For Roch Mageau, the vice-principal at École publique Renaissance, being francophone is more than just speaking French.
“It really is a culture and I think it’s important to model that to the kids,” he says. “If they know where they come from, it might help them decide where they want to go later on in their life.”
Born and raised in Sudbury, Mageau, 50, says growing up he was very involved with French activities and events. After graduating from Laurentian University, Mageau moved to Timmins to work in sales.
As he has always been passionate about teaching, he decided to change careers and started working at École publique Renaissance. He became its vice-principal three years ago.
In a school with about 150 students, there’s a sense of being a family with teachers knowing every child’s name, he says.
“It permits us to develop a good relationship with our kids and to really interact with them in a way where they feel safe with us and whereas we might have a better chance at becoming role models for them,” he says.
Moving forward, he says it’s important to have a “certain visibility” and what he’d like to see the most is students leaving school knowing who they are and knowing it’s OK to be French.
“We’re always trying to promote our culture, our language. And just to better ourselves as educators so that our kids can leave at the end of four years and say, ‘That was the greatest experience of my life and I appreciate what I’ve just been through,’” Mageau says. “I hope kids can leave here knowing it’s OK to be different and we don’t have to succumb to peer pressure. That’s really what I’m looking forward to as a vice-principal.”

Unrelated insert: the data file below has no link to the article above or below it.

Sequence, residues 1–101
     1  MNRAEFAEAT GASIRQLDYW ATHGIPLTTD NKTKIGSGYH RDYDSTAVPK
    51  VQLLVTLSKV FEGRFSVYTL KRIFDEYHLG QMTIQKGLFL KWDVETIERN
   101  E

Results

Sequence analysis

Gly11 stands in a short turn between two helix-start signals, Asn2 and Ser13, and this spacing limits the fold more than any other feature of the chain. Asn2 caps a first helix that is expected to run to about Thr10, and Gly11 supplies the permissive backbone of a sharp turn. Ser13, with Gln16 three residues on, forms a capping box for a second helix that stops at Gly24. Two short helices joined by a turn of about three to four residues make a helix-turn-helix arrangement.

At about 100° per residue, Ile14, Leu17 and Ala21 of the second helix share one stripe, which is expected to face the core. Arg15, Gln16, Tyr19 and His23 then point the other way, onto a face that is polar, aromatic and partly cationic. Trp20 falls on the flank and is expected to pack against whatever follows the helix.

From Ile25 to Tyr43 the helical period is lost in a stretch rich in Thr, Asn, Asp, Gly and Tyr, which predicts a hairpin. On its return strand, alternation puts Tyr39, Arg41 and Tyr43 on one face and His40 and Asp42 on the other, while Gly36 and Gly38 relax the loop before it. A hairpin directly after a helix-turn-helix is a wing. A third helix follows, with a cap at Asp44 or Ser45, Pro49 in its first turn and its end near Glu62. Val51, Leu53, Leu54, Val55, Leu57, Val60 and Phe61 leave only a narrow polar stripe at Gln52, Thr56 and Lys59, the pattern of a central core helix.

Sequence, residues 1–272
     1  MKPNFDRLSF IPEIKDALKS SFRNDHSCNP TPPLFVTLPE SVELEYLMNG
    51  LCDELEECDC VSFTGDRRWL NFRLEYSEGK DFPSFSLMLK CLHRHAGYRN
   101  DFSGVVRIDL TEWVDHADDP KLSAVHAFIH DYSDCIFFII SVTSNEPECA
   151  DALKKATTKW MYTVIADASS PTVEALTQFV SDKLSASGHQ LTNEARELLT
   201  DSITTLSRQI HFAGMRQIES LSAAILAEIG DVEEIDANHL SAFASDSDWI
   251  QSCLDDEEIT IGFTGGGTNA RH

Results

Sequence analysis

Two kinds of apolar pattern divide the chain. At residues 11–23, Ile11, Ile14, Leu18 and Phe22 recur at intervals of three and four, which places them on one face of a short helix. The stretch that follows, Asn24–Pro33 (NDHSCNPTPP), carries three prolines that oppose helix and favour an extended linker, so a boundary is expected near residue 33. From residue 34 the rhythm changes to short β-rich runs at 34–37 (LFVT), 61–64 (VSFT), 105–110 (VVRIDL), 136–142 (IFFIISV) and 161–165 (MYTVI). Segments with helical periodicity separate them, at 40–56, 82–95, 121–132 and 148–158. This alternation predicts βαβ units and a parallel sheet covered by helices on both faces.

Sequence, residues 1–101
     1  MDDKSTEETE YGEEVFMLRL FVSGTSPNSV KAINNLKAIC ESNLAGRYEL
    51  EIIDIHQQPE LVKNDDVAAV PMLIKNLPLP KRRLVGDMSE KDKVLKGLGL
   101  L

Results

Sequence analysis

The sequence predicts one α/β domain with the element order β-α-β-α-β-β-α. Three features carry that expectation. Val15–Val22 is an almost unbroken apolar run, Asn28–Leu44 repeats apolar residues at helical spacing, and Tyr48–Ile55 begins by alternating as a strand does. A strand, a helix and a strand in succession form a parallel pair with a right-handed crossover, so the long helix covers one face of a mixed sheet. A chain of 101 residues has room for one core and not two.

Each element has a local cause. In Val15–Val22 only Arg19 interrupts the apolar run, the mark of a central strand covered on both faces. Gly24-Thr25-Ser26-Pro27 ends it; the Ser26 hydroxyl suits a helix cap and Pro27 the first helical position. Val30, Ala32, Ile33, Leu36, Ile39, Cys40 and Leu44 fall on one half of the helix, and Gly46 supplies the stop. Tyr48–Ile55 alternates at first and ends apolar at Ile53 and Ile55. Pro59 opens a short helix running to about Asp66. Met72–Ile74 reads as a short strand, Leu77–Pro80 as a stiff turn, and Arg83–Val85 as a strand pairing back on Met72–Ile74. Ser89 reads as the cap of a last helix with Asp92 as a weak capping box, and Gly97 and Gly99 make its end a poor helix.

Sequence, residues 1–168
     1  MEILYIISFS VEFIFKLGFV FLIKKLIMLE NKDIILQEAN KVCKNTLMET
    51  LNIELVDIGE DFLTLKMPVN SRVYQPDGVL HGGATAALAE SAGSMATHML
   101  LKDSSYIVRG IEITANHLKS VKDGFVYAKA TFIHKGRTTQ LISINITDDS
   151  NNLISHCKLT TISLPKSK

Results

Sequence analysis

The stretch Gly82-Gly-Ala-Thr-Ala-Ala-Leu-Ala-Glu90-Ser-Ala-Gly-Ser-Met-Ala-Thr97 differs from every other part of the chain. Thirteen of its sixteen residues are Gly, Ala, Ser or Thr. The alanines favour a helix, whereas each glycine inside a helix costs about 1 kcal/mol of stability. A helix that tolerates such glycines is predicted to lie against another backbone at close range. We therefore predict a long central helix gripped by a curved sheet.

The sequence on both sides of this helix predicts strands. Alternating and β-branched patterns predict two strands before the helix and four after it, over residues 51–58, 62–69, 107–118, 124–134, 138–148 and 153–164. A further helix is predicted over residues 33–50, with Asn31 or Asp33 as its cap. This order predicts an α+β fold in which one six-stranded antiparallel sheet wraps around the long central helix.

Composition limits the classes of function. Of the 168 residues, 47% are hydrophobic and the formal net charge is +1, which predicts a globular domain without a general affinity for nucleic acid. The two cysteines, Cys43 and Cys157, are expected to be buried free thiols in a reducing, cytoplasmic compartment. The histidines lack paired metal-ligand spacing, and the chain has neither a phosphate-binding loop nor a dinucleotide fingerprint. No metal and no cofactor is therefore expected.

For him, it’s also important to send a message to community members to not be ashamed of the way they speak French and that “little differences” in the way people from different regions speak don’t matter.
“We have a certain lifestyle, we have a certain environment that has brought us to where we are. It is OK to say the French language is evolving and we don’t have to be ashamed of the little quirks we have when we speak … Not to be ashamed and not to let other people to put us down because someone might speak French different than us.”
In addition to participating in local activities and events, Mageau helped Collège Boréal with its strategic plan and he also was last year’s Bonhomme during the Centre Culturel La Ronde’s winter carnival.
“It was very hot in that suit,” he recalls, laughing. “It was fun for me because I got to visit organizations and activities normally I wouldn’t see.
"What amazed me the most is seeing some of the older people in the community, they were just getting as excited as the kids were. It’s important to keep those traditions alive because as much as the kids get excited, us, older folks, we like it, too. It brings back memories.”
Mageau says there are many people in the community who are doing "fantastic things" and he doesn't mind working behind the scenes.
"I'm just a small piece of a puzzle and I'm OK with that. We all have a role to play and we're all doing our part," he says. "I'm not in it for the accolades or awards.”
He says he feels proud when he looks at his two children.
“I think they’re really a success story in a sense that their mom is an anglophone. We both decided that it was important for them to live that culture and to learn that language,” Mageau says. “We were always able to balance mom being English and dad being French, and I’m proud that my kids are francophone now.”
Mageau says he likes to face challenges as it gets his “blood pumping” and his “mind going.”
“For me, to overcome a challenge is roll up my sleeves and sit down with my team and talk it out and see what we can do,” he says. “I’m more of a ‘how do we fix this,’ that’s my philosophy on challenges. I don’t spend too much time on, 'how did we get there'.”